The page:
A busy era ends with Jane Belford’s retirement as chancellor of Washington Archdiocese

Jane Belford calls herself a “habitual volunteer.”

She was a partner at the large law firm Foley & Lardner around 1990 when she left to spend more time with her young son. But she couldn’t resist taking up major volunteer projects to help the Catholic Archdiocese of Washington, including spending a day a week tending to homeless men with AIDS and helping found a pro bono legal network. But her callings merged in 2001, when then-new Washington Archbishop Theodore E. McCarrick asked her to be the first woman and layperson to serve as chancellor — the highest ranking job a layperson can hold in a diocese.

Over the next 13 years, Belford guided a significant professionalizing of the archdiocese, which serves 620,000 Catholics in Washington and suburban Maryland. She oversaw the creation of the Office of Child Protection, the expansion of the legal and communications offices, Pope Benedict XVI’s 2008 visit to Washington, and she was involved in pretty much every major aspect of that period, from the shifting of Catholic schools to the public school system to a tense phase with the D.C. Council after the passage of same-sex marriage.

Known as a superb organizer who always looks perfectly coiffed, Belford, 63, retired from the diocese on Dec. 31. We spoke with her about her tenure:

Q: You’ve always been a devoted, active Catholic. Did you ever think you might wind up working for the church?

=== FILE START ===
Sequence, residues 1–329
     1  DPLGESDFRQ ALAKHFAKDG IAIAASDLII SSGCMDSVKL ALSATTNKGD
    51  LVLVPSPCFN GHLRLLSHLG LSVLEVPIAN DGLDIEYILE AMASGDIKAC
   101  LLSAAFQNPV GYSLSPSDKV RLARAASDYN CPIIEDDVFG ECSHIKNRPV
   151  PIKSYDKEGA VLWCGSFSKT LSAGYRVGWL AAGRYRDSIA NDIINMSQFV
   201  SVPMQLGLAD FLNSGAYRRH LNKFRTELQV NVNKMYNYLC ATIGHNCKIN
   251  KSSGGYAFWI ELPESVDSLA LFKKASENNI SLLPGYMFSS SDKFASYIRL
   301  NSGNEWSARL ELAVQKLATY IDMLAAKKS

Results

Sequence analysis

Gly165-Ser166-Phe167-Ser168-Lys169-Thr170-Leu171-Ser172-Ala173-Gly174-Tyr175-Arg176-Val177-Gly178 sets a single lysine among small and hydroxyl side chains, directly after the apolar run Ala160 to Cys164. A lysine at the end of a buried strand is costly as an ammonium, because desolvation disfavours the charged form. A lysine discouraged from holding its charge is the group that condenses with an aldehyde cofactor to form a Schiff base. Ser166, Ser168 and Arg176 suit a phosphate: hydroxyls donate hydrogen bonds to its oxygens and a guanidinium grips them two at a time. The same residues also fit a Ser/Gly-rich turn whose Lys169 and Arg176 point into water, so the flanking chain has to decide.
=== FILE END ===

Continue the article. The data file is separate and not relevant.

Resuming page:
Jane Belford (Courtesy of Archdiocese of Washington)

A: I had no idea what a chancellor was. I’m a cradle Catholic, lifelong, but like most, you relate to the church through your parish. I was part of a generation of women who were trained to go and have careers and succeed in the secular world.

Q: What does that say about how things have changed during your tenure?

A: I’ve been approached numerous times by women and men who want to work for the church. But when I came of age, most positions at that time were held by priests. The chancellor position didn’t open up [for laypeople] until the 1980s. But people see now how incredibly apparent it is that there are great opportunities for laymen and women inside the church.

Q: How has the archdiocese changed in the 13 years you’ve been there?

A: I see an interest and a desire on the part of people to want to come into our church. Sometimes headlines are people are leaving in droves, but I don’t see that. . . . I see our campus ministries where there are hundreds of students who are hungry for something different and are open to our message — open to wanting to encounter Christ in our lives.

Every week in churches throughout the archdiocese, we are proclaiming a message of charity, a call to peace, to be compassionate, forgiving, joyful, and I think that is at the very least a support system that makes life bearable in what is sometimes a very harsh and demanding environment in which we live. . . . Besides churches and [other houses of worship], where else do people get called to live their life that way?